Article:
Inehuiyan (MH639r)

Inehuiyan (MH639r)
Compound Glyph

Glyph or Iconographic Image Description: 

This black-line drawing features the personal name glyph Inehuiyan, attested here as a man's name ("By His Own Will"). The main feature is a nenetl (sculpted deity image), which provides the phonetic "ne" syllable in the name. The nenetl may have breasts and it has something like horns or squared-off ears on its head and small double circles where earrings might appear. The statue is cut off like a bust, and it has a horizontal line along the base. In the air surrounding the sculpture are squiggly lines that may suggest some kind of supernatural ability or movement, or perhaps they provide some additional phonetic values for the parts of the name that have yet to be identified.

Description, Credit: 

Stephanie Wood

Added Analysis: 

Keiko Yoneida has written about the use of nenetl to refer to genitals and "fetiches," especially in relation to the nemontemi days of the calendar. The negative reading of "nenetl" as useless or in vain, she suggests, is patriarchal. [See: Los Mapas de Cuauhtinchan y la historia cartográfica prehispánica (1991), 140.] Here, however, there is nothing negative identified in the name.

Most examples of nenetl glyphs or elements appear like dolls or deity sculptures, sometimes female and sometimes male. Nearly always these figurines represent the syllable/phonogram "nen," which is the negative that refers to idleness or low productivity mentioned by Yoneda. The typical iconography of these nenetl figurines includes two squared-off protrusions on the top of the head. Occasionally, these can resemble deity glyphs, such as Cuauhtecolotl or Xolotl (below). Some have asked if these might be stylized representations of the typical Nahua woman's hairstyle, the neaxtlahualli, with the ends of two locks appearing above the forehead, one on each side. There is a precedent for these protrusions on the head found on pre-contact figurines of women. An impressive collection of these appears in the Museo Tomás Medina Villarruel in Tlahuac, CDMX, in photographs by Eduardo Flores (two examples appear below). These figurines show women with breasts and skirts, and they can be grinding maize or carrying children. They have the squared-off shapes on the tops of their heads. These figurines do not necessarily cast women in a negative light, at least not visually.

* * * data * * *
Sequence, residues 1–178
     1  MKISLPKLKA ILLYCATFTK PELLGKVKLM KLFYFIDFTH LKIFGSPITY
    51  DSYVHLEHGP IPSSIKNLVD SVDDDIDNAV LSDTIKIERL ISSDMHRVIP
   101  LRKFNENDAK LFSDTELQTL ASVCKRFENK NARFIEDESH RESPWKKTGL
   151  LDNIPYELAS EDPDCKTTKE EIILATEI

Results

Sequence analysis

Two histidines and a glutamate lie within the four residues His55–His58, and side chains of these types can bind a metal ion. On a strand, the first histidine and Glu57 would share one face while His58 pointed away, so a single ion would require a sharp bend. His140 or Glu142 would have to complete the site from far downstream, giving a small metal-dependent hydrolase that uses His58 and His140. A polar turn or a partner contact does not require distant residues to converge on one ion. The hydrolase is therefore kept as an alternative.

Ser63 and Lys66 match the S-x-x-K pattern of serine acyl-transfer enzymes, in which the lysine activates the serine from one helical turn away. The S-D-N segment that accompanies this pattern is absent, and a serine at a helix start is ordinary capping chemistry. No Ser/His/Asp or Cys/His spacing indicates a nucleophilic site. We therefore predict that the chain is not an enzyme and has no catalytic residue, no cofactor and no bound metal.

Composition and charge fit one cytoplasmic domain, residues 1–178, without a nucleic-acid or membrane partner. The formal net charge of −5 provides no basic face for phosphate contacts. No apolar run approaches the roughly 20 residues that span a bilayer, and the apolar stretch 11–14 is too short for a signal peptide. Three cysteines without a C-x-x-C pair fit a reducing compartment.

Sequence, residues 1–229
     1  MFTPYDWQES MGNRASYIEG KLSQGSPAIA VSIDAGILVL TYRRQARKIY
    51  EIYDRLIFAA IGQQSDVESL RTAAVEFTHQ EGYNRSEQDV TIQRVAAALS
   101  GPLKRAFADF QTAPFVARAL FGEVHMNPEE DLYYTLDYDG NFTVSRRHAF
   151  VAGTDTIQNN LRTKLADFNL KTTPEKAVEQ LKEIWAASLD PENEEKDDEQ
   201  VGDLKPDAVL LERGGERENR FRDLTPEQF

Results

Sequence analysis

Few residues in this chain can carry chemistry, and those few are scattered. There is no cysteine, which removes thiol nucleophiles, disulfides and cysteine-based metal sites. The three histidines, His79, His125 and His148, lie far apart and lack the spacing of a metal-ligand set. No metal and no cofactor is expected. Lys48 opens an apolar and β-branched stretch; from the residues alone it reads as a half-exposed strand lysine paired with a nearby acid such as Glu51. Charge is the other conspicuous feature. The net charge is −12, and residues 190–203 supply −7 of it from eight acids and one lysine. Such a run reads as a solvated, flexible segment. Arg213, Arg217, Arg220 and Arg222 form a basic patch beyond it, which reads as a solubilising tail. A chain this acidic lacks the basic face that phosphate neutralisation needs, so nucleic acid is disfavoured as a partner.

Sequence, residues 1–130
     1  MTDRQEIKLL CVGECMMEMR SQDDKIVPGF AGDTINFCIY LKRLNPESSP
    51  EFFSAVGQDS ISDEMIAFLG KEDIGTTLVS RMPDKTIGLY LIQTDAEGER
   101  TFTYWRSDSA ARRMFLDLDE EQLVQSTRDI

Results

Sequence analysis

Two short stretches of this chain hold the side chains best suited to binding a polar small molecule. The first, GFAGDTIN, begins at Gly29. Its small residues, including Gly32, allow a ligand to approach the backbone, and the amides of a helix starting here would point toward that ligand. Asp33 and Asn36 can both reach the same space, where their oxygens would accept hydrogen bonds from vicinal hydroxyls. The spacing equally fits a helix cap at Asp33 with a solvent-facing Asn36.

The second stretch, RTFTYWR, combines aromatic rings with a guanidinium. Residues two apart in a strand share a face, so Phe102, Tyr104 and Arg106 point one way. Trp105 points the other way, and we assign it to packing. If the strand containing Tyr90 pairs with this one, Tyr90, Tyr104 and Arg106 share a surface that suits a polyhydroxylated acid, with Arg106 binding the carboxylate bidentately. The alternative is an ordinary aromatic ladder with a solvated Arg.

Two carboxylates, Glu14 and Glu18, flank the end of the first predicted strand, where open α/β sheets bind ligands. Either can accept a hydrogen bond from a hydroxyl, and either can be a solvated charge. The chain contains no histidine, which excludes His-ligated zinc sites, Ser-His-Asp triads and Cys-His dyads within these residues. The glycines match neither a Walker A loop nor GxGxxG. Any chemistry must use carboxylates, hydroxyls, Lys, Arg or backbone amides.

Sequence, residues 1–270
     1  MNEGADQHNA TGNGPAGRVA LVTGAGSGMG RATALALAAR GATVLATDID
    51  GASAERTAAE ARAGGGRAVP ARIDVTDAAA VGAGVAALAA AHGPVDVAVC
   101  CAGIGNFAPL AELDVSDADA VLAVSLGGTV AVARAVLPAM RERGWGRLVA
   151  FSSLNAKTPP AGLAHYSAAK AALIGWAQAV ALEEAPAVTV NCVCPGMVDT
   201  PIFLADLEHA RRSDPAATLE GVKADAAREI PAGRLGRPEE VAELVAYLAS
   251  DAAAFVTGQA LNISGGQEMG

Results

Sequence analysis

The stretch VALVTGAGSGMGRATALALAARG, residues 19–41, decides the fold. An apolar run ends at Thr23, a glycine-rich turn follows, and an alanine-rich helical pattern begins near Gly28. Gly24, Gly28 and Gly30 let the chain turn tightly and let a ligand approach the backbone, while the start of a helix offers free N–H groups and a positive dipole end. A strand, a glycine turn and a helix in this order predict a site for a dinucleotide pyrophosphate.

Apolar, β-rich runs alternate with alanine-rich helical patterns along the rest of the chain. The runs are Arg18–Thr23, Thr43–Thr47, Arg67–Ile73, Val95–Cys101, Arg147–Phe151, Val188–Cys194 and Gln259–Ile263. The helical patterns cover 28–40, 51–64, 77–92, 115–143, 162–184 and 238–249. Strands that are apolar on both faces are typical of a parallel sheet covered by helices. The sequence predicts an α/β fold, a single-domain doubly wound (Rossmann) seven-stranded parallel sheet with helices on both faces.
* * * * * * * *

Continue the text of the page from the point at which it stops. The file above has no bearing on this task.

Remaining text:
Added Analysis, Credit: 

Stephanie Wood

Gloss Image: 
Gloss Diplomatic Transcription: 


Gloss Normalization: 


Gloss Analysis, Credit: 

Stephanie Wood

Date of Manuscript: 


Creator's Location (and place coverage): 

Huejotzingo, Puebla

Semantic Categories: 
Cultural Content, Credit: 

Jeff Haskett-Wood

Shapes and Perspectives: 
Parts (compounds or simplex + notation): 

estatuas, deidades, esculturas, sílabos fonéticos

Museum & Rare Book Comparisons: 
Museum/Rare Book Notes: 

Photo credit: Eduardo Flores. Museo Tomás Medina Villarruel, Tlahuac, CDMX.

Glyph or Iconographic Image: 
Relevant Nahuatl Dictionary Word(s): 

inehuiyan, personally, by his own will,
nene(tl), deity image or doll,

Image Source: 

Matrícula de Huexotzinco, folio 639r, World Digital Library,

Image Source, Rights: 

This manuscript is hosted by the Library of Congress and the World Digital Library; used here with the Creative Commons, “Attribution-NonCommercial-ShareAlike 3.0 License” (CC-BY-NC-SAq 3.0).

Historical Contextualizing Image: